Ten skills you'll gain from working in part-time retail jobs
Customer complaints and queries can give you useful examples of your problem solving and communication skills
Make sure you don’t overlook any of the skills you’ve gained from part-time retail work. It can really help when you are putting together your CV to apply for internships or graduate jobs.
Employers assess CVs and online application forms by looking for examples of competencies or employability skills – in other words, they want to know you’ll be able to do the job. Here is a list of ten key competencies or skills that you can gain from retail jobs and tips on how to present how your retail work experience to show you have got the attitude and abilities the employer wants.
Ten shop work skills that will help students get a graduate job
1. Customer service. Customer service is the care that a customer receives before, during and after a purchase. Good customer service is friendly and polite, and puts the customer first; it is very important in creating loyal customers.
Customer service is vital in many graduate careers, including management consultancy and financial services. For example, a retail banking employer might not expect you to have a degree in finance, but may well place great importance on customer-related work experience.
2. Dealing tactfully with customer concerns. Customer complaints and queries can give you useful examples of your problem solving and communication skills, both of which are fixtures on most graduate recruiters’ wishlists. However, communication is such a broad term that employers may want you to define your abilities in this area a little more closely, for example, by referring to persuasion, negotiation or influencing.
3. Commercial awareness is also sometimes referred to as customer or business awareness, and any retail work experience is a great opportunity to develop it.
Working in retail, you’ve seen first-hand how a fast-paced business operates and how commercial decisions are made. What made the business you worked for profitable, and what role did you play in its success? Did you come up with any ideas to make the business more successful? Were they implemented, and if so, with what results?
4. Working under pressure. Did you ever have to stay calm and keep smiling as a big queue built up at your checkout? What steps did you take to try and make sure customers weren’t kept waiting? Try to think of examples of how you coped at particularly busy times and how your attitude and approach made a difference.
5. Working in a busy team. A supportive team ethos on the shop floor helps to create a good atmosphere for customers. Successful retail businesses depend on different teams working well together, so think both about your role in your team and how others in different teams depended on your work. Did you take part in team meetings and if so, what did you contribute?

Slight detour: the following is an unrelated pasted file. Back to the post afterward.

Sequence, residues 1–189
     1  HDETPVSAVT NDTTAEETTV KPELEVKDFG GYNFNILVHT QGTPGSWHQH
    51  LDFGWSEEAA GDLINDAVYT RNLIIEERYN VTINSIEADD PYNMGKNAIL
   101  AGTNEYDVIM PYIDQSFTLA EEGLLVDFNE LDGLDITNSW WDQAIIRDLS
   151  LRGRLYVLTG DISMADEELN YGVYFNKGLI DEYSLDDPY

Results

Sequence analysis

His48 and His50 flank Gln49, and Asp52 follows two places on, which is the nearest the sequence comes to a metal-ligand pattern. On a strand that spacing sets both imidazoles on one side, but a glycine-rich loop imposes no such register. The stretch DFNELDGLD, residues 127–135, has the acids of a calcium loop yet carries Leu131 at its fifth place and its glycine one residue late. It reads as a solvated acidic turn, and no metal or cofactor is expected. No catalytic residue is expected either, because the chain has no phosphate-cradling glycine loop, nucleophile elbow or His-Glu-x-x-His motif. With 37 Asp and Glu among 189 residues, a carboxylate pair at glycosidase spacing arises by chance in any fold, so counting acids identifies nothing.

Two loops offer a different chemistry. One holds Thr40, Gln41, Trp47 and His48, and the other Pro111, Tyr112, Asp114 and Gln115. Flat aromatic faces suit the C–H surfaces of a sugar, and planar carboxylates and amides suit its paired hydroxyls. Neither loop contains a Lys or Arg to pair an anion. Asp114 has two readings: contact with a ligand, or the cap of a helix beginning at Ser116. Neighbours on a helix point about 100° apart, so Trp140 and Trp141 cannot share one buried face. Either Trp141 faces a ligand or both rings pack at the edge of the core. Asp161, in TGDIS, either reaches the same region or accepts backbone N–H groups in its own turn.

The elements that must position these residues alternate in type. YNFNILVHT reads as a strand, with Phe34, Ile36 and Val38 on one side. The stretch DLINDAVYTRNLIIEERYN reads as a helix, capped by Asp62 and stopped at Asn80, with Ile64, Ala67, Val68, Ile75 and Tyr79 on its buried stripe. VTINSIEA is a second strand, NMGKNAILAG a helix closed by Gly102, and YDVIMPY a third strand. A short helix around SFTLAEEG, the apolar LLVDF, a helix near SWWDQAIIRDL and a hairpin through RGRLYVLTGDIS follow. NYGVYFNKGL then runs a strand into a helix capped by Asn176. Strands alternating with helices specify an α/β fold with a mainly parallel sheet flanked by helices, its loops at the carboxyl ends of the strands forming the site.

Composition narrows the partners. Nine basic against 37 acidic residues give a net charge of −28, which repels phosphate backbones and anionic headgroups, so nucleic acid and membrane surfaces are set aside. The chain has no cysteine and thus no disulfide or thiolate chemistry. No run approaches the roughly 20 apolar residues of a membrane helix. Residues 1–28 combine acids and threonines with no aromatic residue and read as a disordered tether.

6. Initiative. What did you do when problems arose? What if goods were damaged before being paid for, or if a customer or colleague was taken ill? Think about how you reacted to the unexpected and what you learned from those experiences. If you made any suggestions about how things could be improved, these will show that you’re a good self-starter. If your ideas were put in place and worked out well, so much the better.
7. Use of IT. The ability to use IT systems is important in many graduate careers. Chances are that your part-time retail job has given you practical, hands-on experience of using IT in the workplace, and it’s worth mentioning the systems you used on your CV.
Examples of IT systems that are widely used in retail are: electronic point of sale systems; supply chain systems that help to monitor, order and distribute stock; and management information systems that enable retailers to interpret sales data and analyse trends.
8. Responsibility. Being responsible, reliable and trustworthy is all part of what graduate recruiters describe as self-management. Good self-management involves being punctual, flexible, getting work done on time, and being willing to improve your own performance. Employers sometimes complain that this is an area where graduates fall down, so if you can use your retail experience to show you can be trusted to get the job done, you’ll put yourself in a good position to get hired.
9. Cultural awareness. If you worked with people from a diverse range of backgrounds in your retail job, this could be an asset. Many big graduate employers are multinational and want to recruit candidates who are capable of building rapport with colleagues or customers from all around the world. Smaller companies will regard cultural awareness as an advantage too.
10. Numeracy. Retail workers use numeracy skills in a range of ways, from giving customers the correct change to stock taking. Did you play a part in using information about sales trends and promotions to estimate the stock needed? Then you’ve gained a good example of how you can put your numeracy skills into practice.
More advice on how to get the graduate job you want
Our advice articles on the skills you need to apply for a graduate career will also be relevant to you if you want to showcase the competencies you’ve developed from shop work in an application for a career in a different area.